Published prices: peace of mind

I was reading an article the other day about the reasons why we buy online. For cheaper products, it’s obviously just to search for a good price and delivery. But why do people buy really expensive products online? In many cases, if they’re forking out a lot of money, they really ought to test out the product, or at least see it in person. They’re willing to forego this, however. And why? The author reckoned it was because the internet has given us an opportunity which many people (especially in countries like the UK) have embraced: to be able to buy products without dealing with a salesperson.

When a purchase involves a salesperson, we British (and we’re not alone in the world) instinctively worry that we might be paying over the odds. In some other cultures, the buyer prefers to deal with a salesperson, as it gives them a chance to haggle down the price. Not here though. If we can visit a website, and know that we’re seeing the same price as everyone else, that’s all we want. Peace of mind. Would we rather see the product in person? Perhaps. But that’s something we’re prepared to give up, to avoid the perceived risk which comes from dealing with a salesperson.

We’re not selling books or groceries

Now, I’m not going to suggest that you start selling £100,000 Blue Widget Processing Machines through a webstore. And I completely understand when you point out that nearly all of your sales require a discussion to specify the right product. We’re not selling books or groceries. However, I do believe that many, many companies would benefit from throwing away the tradition of keeping their prices a secret. They could publish prices, even if it wasn’t possible for customers to buy the products without talking to them directly.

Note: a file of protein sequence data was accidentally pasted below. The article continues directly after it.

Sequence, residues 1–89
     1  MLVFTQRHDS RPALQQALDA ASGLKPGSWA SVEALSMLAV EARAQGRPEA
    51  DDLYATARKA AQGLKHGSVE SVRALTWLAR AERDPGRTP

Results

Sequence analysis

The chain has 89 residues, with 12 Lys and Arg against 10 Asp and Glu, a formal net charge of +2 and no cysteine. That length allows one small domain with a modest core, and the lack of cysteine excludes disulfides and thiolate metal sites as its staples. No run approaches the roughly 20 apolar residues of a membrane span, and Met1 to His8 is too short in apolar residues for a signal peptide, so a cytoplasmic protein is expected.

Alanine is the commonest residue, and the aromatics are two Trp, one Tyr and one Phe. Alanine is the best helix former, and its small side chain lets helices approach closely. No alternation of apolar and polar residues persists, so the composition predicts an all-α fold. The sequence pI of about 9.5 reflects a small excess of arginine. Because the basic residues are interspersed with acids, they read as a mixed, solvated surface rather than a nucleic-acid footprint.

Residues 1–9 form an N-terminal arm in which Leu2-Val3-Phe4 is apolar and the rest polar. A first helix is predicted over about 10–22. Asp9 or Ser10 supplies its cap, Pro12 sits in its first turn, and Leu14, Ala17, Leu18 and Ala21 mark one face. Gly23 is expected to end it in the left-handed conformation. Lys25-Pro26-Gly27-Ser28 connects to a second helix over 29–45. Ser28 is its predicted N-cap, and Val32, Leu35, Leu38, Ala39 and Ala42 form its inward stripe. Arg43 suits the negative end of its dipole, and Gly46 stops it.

Put yourself in the shoes of a prospect for once (because not many of us do). If we can see Blue Widgets available on five different websites, and only one of the suppliers publishes prices, what do we do do? Sure, some of us will call the other four companies to see if we can buy their equivalent product more cheaply. And those other four companies will know what the first one is charging, which seems to be a sales director’s nightmare, although that’s just paranoia.

But… how many of us will just say: “Great, that’s a price I’m prepared to pay, and I know I’m not being ripped off, so I’ll buy it from that site which shows the prices”. How many of us want that comfort? How many of us would do anything not to haggle? A large, and increasing, number, I’d bet.

Discussion

  1. Jason palmer

    I buy from amazon lots, trusted, reviews, quality delivery monitoring.

    Links to “buy from amazon” the way ?

  2. David Reeve

    Car companies publish prices all of this time, however it clearly does not give peace of mind as everybody knows that these are not fixed prices. Maybe if they were ….did KIA do this to get into the market?

  3. Peter Swanson

    I think you’re confusing a few things, Chris.
    1) Don’t mix up price with product complexity. People are prepared to buy simple or commoditised products online – usually these are the less expensive ones, but not always.
    2) Don’t mix up price with value. Most of the businesses you entertain will differentiate their products/services with a value proposition that will include support, delivery, training, quality, approvals, options, etc. The buying decision is rarely finding the “equivalent product” at a cheaper price. If it was, the website with the cheapest price would have *all* the business. And whilst you could argue that the website should be able to communicate the value proposition alongside the price, this is actually quite hard to do well.
    3) Don’t mix up haggling with negotiation. Whilst I agree that this culture is not prone to haggling, the industrial community is quite prepared to discuss all aspects of the value proposition, especially if they have to establish a business case to justify a purchase.

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